Project UROK: A Child Mind Institute Initiative

April 01, 2019

Nic Doorlay, 16, was born and raised in Walnut Creek, California. He is a junior at College Park High School. He has volunteered performing magic at a local senior center, and actively volunteers at the Food Bank of Contra Costa & Solano. In his free time, Nic participates in Varsity Track and Field for his high school, where he competes in the high jump category. He spends the remainder of his free time doing his calculus homework.

Pledge to Take Action

We are currently living in the age of mental health. Topics that used to be considered taboo and inappropriate are becoming mainstream with open discussions about mental health becoming increasingly common. This cultural shift is due in no small part to Child Mind Institute. Child Mind Institute is an “ independent, national nonprofit dedicated to transforming the lives of children and families struggling with mental health and learning disorders.” Child Mind Institute is one of the biggest and most holistic resources for mental health care in the country, and the recent appointment of Oscar award-winning actress Emma Stone to their board of directors has only increased their momentum. One of their youth initiatives, Project UROK, is attempting to break down the stigma surrounding mental health and help connect those in need with the help they deserve.

Originally founded by TV writer and producer Jenny Jaffe, Project UROK found a home with the Child Mind Institute in fall of 2016, and has been growing ever since. Project UROK’s YouTube channel has now amassed over one million total views, while its online community has grown in the tens of thousands. Rachael Esman, manager of family and youth initiatives at Child Mind Institute, has been heavily involved with the growth of Project UROK.

“Project UROK’s mission is to end the stigma and isolation surrounding mental health disorders,” Rachael said. “We do this in two ways: Distributing resources and sharing stories to empower and encourage those who are struggling with mental health, and building our online community to bring support to those who need it.”

Simply put, Project UROK is able to share stories of mental health struggles in the form of daily social media posts that can provide comfort to others, and if more help is needed, redirect to resources such as the expert care that the Child Mind Institute provides.

Part of what makes Project UROK so unique is its teen board. This board is made up of teenagers and young adults who share their stories of mental health and are involved in many of the decisions for the initiative. Bella Hatkoff, a freshman at Kenyon College and former patient at the Child Mind Institute, first got involved when the institute reached out to her to ask if she wanted to be on the board.

“We do everything from giving feedback on ideas and participating in social media videos, to organizing an annual comedy show in New York,” said Bella, who participated in the comedy show herself.

Jonah Feldman, a first year at Bates College in Maine and fellow member of the teen board, helped to introduce guests at the comedy show this past year. Jonah has been working with Child Mind Institute for two years now and has helped the teen board during their meetups to discuss potential logos for the project, different approaches to getting their message across to teens and young people, and much more.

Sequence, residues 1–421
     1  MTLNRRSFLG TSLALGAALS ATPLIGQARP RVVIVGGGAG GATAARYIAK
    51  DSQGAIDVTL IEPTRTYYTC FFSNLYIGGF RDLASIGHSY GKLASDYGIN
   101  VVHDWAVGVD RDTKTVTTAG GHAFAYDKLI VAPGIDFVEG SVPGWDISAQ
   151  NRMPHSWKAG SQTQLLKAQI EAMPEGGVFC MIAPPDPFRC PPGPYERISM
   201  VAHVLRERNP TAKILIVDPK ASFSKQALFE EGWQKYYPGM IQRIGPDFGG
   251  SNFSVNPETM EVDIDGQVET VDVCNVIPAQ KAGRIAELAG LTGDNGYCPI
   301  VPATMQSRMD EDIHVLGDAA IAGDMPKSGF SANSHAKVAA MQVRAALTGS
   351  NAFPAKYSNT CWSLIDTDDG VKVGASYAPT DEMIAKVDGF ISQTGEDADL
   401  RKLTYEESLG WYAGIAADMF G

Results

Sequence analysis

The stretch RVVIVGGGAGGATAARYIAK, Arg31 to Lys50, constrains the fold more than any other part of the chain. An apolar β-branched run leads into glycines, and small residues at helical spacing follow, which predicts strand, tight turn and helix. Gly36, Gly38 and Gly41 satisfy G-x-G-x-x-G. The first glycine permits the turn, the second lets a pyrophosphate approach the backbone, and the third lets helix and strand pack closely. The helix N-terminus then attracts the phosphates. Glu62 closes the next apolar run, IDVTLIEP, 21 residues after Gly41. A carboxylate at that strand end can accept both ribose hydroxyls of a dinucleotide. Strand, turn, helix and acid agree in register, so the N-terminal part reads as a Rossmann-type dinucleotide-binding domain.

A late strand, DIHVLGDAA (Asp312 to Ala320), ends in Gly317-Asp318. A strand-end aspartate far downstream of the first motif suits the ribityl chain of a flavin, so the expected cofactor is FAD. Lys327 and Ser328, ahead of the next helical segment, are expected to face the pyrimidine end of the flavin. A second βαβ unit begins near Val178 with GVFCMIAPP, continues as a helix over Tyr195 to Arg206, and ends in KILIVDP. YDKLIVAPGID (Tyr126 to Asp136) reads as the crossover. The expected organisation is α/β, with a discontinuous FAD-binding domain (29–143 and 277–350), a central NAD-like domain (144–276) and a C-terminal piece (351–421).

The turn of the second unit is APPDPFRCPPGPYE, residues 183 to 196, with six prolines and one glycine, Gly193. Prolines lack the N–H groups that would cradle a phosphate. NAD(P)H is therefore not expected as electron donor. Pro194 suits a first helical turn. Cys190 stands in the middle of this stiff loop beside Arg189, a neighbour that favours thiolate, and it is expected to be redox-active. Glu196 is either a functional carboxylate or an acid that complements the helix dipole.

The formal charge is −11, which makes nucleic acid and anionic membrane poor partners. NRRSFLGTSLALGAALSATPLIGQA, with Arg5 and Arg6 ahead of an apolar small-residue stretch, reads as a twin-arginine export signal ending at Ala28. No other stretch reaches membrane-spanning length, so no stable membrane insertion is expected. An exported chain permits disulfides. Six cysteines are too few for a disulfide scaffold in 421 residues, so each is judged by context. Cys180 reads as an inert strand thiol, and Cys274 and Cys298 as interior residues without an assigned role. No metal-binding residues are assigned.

“Project UROK’s main goal is to break the stigma surrounding mental health,” Jonah said. “Once they have an understanding of the basics, the Child Mind Institute has the resources beyond there.”

While Project UROK is more focused on breaking down the stigma around mental health, the Child Mind Institute provides expert resources to children and adults alike. With five different clinical centers dedicated to conditions such as ADHD, anxiety, mood disorders, learning disabilities, and much more, the institute has staff working in mental health that are unparalleled in their expertise. Dr. Alexandra Hamlet, a clinical psychologist for Child Mind Institute, works in the Mood Disorder Center, treating children with depression, bipolar disorder, substance or eating disorders, and trauma.

“Across the country, there’s a lack of people to treat young kids with these disorders – that’s what the Institute is trying to help change,” Dr. Hamlet said.

(Courtesy of Child Mind Institute)

While the Child Mind Institute is based in New York, they know the issue of mental health care stretches far beyond the borders of their state – that’s why they’re starting to go digital, scaling up their resources to reach kids across the country. At this point, Child Mind’s website has become a holistic resource for mental health, and it’s being used as a resource for those who need to manage trauma, suicide, and other mental health conditions.

With mental health diagnoses on the rise, resources like the Child Mind Institute’s are becoming ever more important, as well as messages like that of Project UROK. Mental health can affect anyone, and it’s extremely important to recognize this and dispel the stigma around receiving treatment for these conditions.

“Mental Health is a silent beast,” Bella of Project UROK’s teen board said. “And it does not discriminate.”

For more information about the Child Mind Institute, check out their website here.

And don’t forget to check out Project UROK here!

Pledge to Take Action